The Idyllwild Water District’s Board of Directors approved a budget with a 3-0 vote a few days shy of its new fiscal year.
Director Steve Kunkle attended the meeting, but recused himself from voting because he benefits from the district’s programs for retirees. Director Les Gin did not attend.
The overall budget — water and sewer programs — totals $2.25 million, a $225,000 increase from last year’s budget.
The water operations will cost $1.65 million, an increase of $150,000 over last year’s budget. About half the increase will pay the salaries and benefits for staff and retiree benefits. Laboratory services, consulting and other governmental fees are the other larger increases.
The sewer programs will increase $72,000, approximately a 13%, from $525,000 to $597,000. About two-thirds of that increase is for salary and benefits. There will be other increases in electricity, laboratory services and line cleaning.
Revenue for both programs (water and sewer) is also expected to increase. Before property taxes--which will increase minimally — the water operating costs will exceed sales by nearly $240,000. However, the sewer program revenues will exceed costs by $81,000.
The property taxes will produce a net positive income of about $130,000 for the water activities and the sewer program will have a net balance of nearly $220,000.
These results do flip after the capital improvement programs are funded. Both exceed the net balances and the district said it will use reserves, which currently total about $1 million, to fund the capital projects.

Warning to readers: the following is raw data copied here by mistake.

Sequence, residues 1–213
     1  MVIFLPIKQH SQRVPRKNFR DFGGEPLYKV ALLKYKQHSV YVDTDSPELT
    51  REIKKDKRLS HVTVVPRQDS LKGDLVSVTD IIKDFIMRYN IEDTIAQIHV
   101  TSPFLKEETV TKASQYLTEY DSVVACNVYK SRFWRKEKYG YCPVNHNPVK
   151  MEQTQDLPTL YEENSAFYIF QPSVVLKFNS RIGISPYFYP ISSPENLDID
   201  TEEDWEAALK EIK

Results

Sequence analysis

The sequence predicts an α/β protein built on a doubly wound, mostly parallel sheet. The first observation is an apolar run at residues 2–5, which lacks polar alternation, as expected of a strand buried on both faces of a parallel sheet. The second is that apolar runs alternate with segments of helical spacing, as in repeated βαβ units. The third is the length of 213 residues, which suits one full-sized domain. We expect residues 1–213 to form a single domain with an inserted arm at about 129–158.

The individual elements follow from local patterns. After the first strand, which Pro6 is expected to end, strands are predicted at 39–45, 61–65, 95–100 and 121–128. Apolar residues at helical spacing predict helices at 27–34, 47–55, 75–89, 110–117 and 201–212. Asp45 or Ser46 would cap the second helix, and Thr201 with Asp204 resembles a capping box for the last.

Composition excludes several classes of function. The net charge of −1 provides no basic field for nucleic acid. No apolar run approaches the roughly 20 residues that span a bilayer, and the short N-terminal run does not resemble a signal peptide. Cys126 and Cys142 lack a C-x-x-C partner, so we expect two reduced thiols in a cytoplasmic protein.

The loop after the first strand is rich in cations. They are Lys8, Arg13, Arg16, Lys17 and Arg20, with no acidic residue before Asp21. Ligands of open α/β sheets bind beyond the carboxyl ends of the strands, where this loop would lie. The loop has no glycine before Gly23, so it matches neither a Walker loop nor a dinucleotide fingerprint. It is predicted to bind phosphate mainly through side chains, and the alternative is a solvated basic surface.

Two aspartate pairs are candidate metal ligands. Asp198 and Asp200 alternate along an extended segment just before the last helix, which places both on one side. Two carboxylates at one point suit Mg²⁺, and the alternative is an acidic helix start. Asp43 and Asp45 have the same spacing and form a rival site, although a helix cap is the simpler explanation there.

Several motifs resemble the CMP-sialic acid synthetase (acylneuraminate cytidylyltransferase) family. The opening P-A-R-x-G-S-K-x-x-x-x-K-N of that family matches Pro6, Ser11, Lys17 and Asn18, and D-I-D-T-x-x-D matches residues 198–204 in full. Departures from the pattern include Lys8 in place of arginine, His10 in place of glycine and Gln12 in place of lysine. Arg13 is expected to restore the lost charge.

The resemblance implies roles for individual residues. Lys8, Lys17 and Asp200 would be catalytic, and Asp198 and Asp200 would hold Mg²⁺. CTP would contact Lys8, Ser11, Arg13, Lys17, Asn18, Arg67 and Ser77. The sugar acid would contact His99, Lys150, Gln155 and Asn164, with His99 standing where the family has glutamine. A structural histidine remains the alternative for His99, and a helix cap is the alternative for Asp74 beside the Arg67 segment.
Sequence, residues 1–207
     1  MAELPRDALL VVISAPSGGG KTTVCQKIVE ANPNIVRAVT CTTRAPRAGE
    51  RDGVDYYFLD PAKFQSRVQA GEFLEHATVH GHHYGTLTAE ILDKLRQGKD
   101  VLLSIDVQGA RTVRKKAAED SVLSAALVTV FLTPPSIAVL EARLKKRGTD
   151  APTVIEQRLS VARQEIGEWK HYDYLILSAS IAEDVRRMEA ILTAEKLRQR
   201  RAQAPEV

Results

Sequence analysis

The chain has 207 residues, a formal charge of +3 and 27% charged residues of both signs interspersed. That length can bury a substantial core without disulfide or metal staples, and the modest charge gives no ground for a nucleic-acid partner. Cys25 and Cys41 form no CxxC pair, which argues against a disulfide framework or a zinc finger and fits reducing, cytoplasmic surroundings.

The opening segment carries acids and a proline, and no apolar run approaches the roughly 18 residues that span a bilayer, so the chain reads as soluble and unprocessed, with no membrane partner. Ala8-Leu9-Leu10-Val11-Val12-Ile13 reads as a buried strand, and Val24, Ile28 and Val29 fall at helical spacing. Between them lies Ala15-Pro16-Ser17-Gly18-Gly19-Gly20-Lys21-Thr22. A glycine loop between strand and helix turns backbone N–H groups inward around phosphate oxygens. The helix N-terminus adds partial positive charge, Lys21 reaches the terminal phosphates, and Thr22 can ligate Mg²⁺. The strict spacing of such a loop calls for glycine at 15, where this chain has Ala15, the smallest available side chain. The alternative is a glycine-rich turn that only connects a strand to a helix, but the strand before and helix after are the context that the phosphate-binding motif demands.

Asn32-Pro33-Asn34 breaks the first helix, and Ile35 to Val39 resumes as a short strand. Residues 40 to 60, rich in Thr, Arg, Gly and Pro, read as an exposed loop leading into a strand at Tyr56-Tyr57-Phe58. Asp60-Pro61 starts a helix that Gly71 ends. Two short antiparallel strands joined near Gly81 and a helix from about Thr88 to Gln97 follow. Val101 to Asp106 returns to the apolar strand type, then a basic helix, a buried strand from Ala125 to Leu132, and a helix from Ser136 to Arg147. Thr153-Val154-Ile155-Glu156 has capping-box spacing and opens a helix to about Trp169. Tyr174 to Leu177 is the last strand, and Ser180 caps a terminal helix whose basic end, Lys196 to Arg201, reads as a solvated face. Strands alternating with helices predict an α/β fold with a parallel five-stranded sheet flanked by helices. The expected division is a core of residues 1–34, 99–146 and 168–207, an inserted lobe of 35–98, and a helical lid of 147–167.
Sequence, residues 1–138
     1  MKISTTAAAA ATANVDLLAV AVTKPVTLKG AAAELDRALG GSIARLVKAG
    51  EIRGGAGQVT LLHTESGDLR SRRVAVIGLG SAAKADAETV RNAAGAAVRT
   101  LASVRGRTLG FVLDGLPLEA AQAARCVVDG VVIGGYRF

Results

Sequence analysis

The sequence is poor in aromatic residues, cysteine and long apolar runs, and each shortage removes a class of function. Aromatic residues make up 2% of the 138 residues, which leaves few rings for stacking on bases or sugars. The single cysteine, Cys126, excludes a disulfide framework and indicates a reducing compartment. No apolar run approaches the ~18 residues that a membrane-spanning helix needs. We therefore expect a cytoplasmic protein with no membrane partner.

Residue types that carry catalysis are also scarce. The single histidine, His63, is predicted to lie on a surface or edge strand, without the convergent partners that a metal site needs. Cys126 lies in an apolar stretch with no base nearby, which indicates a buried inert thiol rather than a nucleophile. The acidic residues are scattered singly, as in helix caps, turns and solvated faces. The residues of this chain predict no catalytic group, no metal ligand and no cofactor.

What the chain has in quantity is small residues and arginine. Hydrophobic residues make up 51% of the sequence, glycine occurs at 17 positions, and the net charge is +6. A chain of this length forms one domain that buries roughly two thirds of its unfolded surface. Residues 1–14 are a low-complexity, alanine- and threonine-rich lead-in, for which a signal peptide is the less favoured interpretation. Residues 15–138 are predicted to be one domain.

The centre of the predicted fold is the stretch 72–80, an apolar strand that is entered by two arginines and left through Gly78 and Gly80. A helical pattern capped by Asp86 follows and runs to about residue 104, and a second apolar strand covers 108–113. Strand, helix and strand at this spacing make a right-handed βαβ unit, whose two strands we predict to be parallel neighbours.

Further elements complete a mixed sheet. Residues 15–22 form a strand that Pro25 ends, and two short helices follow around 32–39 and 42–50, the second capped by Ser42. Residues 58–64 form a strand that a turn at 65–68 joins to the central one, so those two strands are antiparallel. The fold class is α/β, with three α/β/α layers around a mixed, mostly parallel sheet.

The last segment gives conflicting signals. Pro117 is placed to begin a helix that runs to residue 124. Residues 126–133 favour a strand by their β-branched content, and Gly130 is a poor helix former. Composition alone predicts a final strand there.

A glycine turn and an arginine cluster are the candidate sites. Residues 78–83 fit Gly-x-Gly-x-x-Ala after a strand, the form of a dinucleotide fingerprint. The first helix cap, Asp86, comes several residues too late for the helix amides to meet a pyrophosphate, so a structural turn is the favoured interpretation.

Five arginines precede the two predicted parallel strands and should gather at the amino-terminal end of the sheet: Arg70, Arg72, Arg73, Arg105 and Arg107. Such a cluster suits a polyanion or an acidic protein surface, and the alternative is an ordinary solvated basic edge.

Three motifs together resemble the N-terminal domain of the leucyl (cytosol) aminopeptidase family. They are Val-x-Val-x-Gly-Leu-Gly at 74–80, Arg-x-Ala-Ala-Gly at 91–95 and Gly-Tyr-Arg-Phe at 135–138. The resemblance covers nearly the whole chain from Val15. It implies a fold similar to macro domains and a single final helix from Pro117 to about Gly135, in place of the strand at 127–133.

The water projects will total about $500,000. The projects will include rehabilitation of several existing wells, both vertical and horizontal. The district may also drill for new water sources and plans to replace several hundred feet of pipeline next year.
Several directors were adamant that the funding for the new well exploration also include possible costs for rehabilitation of existing wells.
Director Steve Kunkle continued to question the immediate need for skid steer equipment at an estimated cost of $93,000. He recommended that other possible equipment be included in the item, and his colleagues concurred.
“We have enough equipment to start to do water lines. If the crew gets efficient and needs it, then we will get it. This year we don’t need it,” he argued.
The board did approve General Manager Michael Creighton’s request to purchase sludge dewatering equipment for the waste treatment plant. This will help with some of the equipment and staff work. The estimated cost, however, went from $10,000 in the draft capital budget in April to $300,000 for the final approved budget. Creighton said that staff had misunderstood the equipment that would be needed when they prepared the draft budget.
After the budget approval, the board held a closed session to evaluate Creighton’s performance. After the meeting, Board President Dr. Charles “Chip” Schelly reported that no action was taken during the closed session.